The flowchart and block diagrams in the Figures illustrate the architecture, functionality, and operation of possible implementations of systems, methods, and computer program products according to various embodiments of the present invention. In this regard, each block in the flowchart or block diagrams may represent a module, segment, or portion of code, which comprises one or more executable instructions for implementing the specified logical function(s). It should also be noted that, in some alternative implementations, the functions noted in the block may occur out of the order noted in the figures. For example, two blocks shown in succession may, in fact be executed substantially concurrently, or the blocks may sometimes be executed in the reverse order, depending upon the functionality involved. It will also be noted that each block of the block diagrams and/or flowchart illustration, and combinations of blocks in the block diagrams and/or flowchart illustration, can be implemented by special purpose hardware-based systems that perform the specified functions or acts, or combinations of special purpose hardware and computer instructions.
  • [0067]
    The invention can take the form of an entirely hardware embodiment, an entirely software embodiment or an embodiment containing both hardware and software elements. In a preferred embodiment, the invention is implemented in software, which includes but is not limited to firmware, resident software, microcode, etc.
  • [0068]
    Furthermore, the invention can take the form of a computer program product accessible from a computer-usable or computer-readable medium providing program code for use by or in connection with a computer or any instruction execution system. For the purposes of this description, a computer-usable or computer readable medium can be any tangible apparatus that can contain, store, communicate, propagate, or transport the program for use by or in connection with the instruction execution system, apparatus, or device.
  • [0069]
    The medium can be an electronic, magnetic, optical, electromagnetic, infrared, or semiconductor system (or apparatus or device) or a propagation medium. Examples of a computer-readable medium include a semiconductor or solid state memory, magnetic tape, a removable computer diskette, a random access memory (RAM), a read-only memory (ROM), a rigid magnetic disk and an optical disk. Current examples of optical disks include compact disk-read only memory (CD-ROM), compact disk-read/write (CD-R/W) and DVD.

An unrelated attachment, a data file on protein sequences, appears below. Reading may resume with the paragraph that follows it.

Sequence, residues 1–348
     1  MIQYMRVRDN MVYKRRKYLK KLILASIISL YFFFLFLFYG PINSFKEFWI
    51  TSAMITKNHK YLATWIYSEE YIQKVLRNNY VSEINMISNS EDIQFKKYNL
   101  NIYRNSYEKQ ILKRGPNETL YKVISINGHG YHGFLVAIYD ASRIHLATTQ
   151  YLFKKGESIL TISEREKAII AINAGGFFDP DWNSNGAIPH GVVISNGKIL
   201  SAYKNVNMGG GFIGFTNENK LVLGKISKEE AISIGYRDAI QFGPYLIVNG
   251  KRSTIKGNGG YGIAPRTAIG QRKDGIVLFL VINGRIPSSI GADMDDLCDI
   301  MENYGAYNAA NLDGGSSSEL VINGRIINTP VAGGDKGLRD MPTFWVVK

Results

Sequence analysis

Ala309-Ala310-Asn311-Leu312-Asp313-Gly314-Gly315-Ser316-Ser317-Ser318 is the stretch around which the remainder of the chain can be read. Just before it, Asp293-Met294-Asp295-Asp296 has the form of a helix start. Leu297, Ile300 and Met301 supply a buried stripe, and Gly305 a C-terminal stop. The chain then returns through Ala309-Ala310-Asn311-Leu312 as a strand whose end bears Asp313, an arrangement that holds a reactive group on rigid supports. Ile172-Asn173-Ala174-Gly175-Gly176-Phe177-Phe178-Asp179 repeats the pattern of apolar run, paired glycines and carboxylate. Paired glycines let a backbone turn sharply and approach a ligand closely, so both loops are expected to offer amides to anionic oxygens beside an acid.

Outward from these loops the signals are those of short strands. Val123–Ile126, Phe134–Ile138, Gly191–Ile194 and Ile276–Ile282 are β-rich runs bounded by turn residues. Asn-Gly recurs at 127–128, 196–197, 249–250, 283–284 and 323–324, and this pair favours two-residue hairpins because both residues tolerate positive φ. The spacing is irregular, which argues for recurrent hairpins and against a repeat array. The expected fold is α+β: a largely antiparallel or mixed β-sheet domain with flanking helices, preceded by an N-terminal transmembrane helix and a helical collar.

• [0070]
    A data processing system suitable for storing and/or executing program code will include at least one processor coupled directly or indirectly to memory elements through a system bus. The memory elements can include local memory employed during actual execution of the program code, bulk storage, and cache memories, which provide temporary storage of at least some program code in order to reduce the number of times code must be retrieved from bulk storage during execution.
  • [0071]
    Input/output or I/O devices (including but not limited to keyboards, displays, pointing devices, etc.) can be coupled to the system either directly or through intervening I/O controllers.
  • [0072]
    Network adapters may also be coupled to the system to enable the data processing system to become coupled to other data processing systems or remote printers or storage devices through intervening private or public networks. Modems, cable modem and Ethernet cards are just a few of the currently available types of network adapters.
  • [0073]
    The description of the present invention has been presented for purposes of illustration and description, and is not intended to be exhaustive or limited to the invention in the form disclosed. Many modifications and variations will be apparent to those of ordinary skill in the art. The embodiment was chosen and described in order to best explain the principles of the invention, the practical application, and to enable others of ordinary skill in the art to understand the invention for various embodiments with various modifications as are suited to the particular use contemplated.
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Classifications
U.S. Classification709/226
International ClassificationG06F15/173
Cooperative ClassificationH04L69/28, H04L61/1511, H04L29/12066
European ClassificationH04L29/06T, H04L29/12A2A1, H04L61/15A1
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Owner name: INTERNATIONAL BUSINESS MACHINES CORPORATION, NEW Y